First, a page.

What is CVAF and why to choose it for mercury monitoring
CVAF is an extremely sensitive technology for mercury measurement with zero SO2 interference. But what does CVFAF mean and what makes it a superior and unparalleled technology for mercury monitoring systems? This article answers these and many other questions about CVAF, our mercury monitoring technology. Read on to learn more.
1. What does the abbreviation CVAF mean?
CVAF stands for Cold Vapor Atomic Fluorescence. It is an extremely sensitive and selective measurement principle for the measurement of trace mercury levels.
2. How does CVAF in Mercury Monitoring work?
CVAF measurement principle is explained below via the main parts of the mercury analyzer.
- Mercury vapor lamp: Lamp acts as a UV light source. Lamp emits UV light at a wavelength specific for mercury. The light is directed to the sample cell.
- Sample cell: Mercury atoms in sample gas are excited by UV light. The excited atoms then start to re-radiate the absorbed energy (fluorescence).
- Photon-counting detector: Fluorescence light is detected by a photon-counting detector, mounted at 90° to the UV lamp.
The UV detector does not see the light from the lamp, because of the 90° measurement geometry and light traps for stray light. The only signal picked up by the detector is the fluorescent light coming from the mercury atoms in the sample gas.
Thanks to the CVAF principal's high sensitivity and Gasmet's special design, sample pre-concentration is not needed. Gasmet's optimized integrated thermal converter converts all gaseous mercury compounds to elemental mercury, in order to measure total gaseous mercury. This way, no mercury derivatives are left undetected.
3. How are cross-interferences handled?
The cross-interference effects are eliminated by the use of the Atomic Fluorescence measurement principle, (see question 2).
The CMM withstands for example high concentrations of SO2 (see question 4).
4. Is there any interference from SO2?
Other UV absorbing gases such as SO2 do not interfere with CVAF measurement technique as the light source is selective to mercury, which means that only the fluorescent light from the mercury atoms in the sample gas are detected.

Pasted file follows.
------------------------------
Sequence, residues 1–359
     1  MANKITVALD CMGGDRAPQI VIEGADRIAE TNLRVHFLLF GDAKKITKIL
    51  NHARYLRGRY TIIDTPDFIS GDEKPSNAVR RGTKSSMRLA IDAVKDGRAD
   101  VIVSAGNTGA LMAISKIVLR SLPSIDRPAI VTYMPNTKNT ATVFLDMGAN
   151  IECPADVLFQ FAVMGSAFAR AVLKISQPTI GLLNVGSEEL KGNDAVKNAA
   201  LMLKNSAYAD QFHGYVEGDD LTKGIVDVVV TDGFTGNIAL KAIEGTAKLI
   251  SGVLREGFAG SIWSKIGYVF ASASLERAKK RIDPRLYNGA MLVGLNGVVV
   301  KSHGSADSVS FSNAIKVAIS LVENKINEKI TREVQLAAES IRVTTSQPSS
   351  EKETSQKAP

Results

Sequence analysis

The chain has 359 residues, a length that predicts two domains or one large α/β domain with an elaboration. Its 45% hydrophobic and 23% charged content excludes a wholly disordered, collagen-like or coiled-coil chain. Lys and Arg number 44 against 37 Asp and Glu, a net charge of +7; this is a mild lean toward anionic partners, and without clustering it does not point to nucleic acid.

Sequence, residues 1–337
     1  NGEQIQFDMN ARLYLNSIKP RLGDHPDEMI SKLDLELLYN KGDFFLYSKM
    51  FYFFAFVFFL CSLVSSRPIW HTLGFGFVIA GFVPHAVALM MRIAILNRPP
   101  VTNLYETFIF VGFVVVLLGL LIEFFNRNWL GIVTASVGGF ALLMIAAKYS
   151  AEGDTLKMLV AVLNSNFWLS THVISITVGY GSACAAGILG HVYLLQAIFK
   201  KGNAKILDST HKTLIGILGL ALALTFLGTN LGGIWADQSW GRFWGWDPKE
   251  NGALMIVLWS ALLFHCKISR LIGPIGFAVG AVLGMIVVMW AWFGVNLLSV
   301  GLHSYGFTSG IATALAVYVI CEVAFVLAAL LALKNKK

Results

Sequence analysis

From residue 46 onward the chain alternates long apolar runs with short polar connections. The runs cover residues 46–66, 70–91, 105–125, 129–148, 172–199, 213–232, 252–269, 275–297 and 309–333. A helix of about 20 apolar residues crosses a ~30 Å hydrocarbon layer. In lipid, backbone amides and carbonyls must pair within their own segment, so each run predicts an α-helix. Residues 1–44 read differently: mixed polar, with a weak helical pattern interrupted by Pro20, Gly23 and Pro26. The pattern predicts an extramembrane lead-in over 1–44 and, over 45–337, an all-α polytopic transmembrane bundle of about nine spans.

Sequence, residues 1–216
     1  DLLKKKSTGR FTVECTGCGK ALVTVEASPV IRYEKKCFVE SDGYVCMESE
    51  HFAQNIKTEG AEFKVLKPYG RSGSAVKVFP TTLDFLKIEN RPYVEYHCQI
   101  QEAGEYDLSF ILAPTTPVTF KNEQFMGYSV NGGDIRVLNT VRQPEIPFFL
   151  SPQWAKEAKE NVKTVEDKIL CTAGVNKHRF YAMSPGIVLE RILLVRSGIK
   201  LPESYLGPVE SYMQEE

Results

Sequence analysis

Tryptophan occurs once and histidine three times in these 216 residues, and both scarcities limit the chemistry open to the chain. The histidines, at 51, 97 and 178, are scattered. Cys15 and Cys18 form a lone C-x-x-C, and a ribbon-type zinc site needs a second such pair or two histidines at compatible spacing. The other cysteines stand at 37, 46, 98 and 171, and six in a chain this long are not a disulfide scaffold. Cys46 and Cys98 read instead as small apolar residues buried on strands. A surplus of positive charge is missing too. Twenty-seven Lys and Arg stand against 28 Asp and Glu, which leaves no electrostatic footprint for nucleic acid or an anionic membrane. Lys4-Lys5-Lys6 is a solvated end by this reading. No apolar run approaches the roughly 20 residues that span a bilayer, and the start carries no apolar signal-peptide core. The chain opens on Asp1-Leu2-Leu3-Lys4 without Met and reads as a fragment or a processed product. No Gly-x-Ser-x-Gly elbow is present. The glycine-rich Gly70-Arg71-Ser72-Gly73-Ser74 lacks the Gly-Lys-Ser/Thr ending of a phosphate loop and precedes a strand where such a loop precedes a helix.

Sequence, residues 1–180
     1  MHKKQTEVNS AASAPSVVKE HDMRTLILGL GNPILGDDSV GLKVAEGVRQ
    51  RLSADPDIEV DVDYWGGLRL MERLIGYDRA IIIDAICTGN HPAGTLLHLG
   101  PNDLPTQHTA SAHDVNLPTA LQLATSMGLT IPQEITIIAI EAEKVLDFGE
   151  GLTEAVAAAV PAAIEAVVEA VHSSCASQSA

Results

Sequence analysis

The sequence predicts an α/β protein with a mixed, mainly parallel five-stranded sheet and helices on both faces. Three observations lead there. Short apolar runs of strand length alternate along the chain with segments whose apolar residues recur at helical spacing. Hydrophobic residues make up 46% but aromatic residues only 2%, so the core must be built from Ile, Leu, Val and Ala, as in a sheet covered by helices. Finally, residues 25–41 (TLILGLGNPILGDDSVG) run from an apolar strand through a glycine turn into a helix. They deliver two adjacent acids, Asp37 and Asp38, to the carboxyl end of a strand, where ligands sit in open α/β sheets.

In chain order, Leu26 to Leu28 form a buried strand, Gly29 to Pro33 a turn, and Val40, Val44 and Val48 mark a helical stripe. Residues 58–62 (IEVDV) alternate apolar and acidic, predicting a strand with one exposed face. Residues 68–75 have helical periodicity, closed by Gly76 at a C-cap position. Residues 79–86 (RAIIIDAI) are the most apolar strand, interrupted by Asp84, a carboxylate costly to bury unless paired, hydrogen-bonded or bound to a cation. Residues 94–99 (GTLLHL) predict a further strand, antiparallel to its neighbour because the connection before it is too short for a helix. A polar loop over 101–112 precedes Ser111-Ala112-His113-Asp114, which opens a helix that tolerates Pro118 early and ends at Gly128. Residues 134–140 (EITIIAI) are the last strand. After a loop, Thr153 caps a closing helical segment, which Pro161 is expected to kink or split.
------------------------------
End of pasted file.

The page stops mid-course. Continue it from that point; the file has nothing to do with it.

The CMM system has been used in mercury monitoring in a sulphuric acid production process with 5–10 vol-% SO2 present, and even in this extreme gas matrix the SO2 interference does not affect the results.
5. CVAF or CVAA?
In comparison with the CVAA (Cold Vapor Atomic Absorption) measurement technique, the atomic fluorescence used in our systems offers superior sensitivity and reduced cross-interference effects, thanks to the very specific nature of the fluorescence effect.
This is a particular advantage in applications where the concentration of mercury is low and the concentration of other UV absorbing gases such as SO2 is high. CVAF is therefore the best technology for example for coal-fired power plants and cement kilns.
When compared with other atomic fluorescence analyzers, Gasmet’s solutions are the most compact and cost-effective mercury monitoring solutions with minimized number of moving parts ensuring several accuracy and reliability advantages:
- Sample probe has a unique two-stage blowback mechanism for removing dust from filter surfaces in dusty conditions. This ensures that the filter stays clean.
- Clean filters prevent analyte loss in the probe and minimize memory effects
- CVAF offers superior sensitivity & selectivity
- No recombination of mercury compounds after converter
- The system is very independent and works well on its own without continuous monitoring or surveillance
The unique design enables representative sampling and reliable results, as all the special qualities of mercury have been taken into consideration holistically.
6. What are the key advantages of CVAF?
- The most accurate, sensitive and selective technique on the market:
The Cold Vapor Atomic Fluorescence technique is an extremely selective technique with a high sensitivity, which ensures accurate measurement of extremely low mercury levels.
- Future-proof technique → the world’s lowest EN 15267 certified range:
Gasmet CMM system has successfully completed the EN 15267-3 testing with the world’s lowest EN 15267 certified range (0 to 5 µg/m3) for continuous mercury measurement. This new world record makes our CMM future-proof for declining emission limits.
Mercury monitoring requires high standards of quality from a measuring technology. Read more about the Gasmet Continuous Mercury Monitoring (CMM) System
If you have any questions regarding continuous mercury monitoring, don’t hesitate to get in touch with us. If you want to increase your knowledge on emissions monitoring in general and learn more about our solutions, you can download our Emissions Monitoring Handbook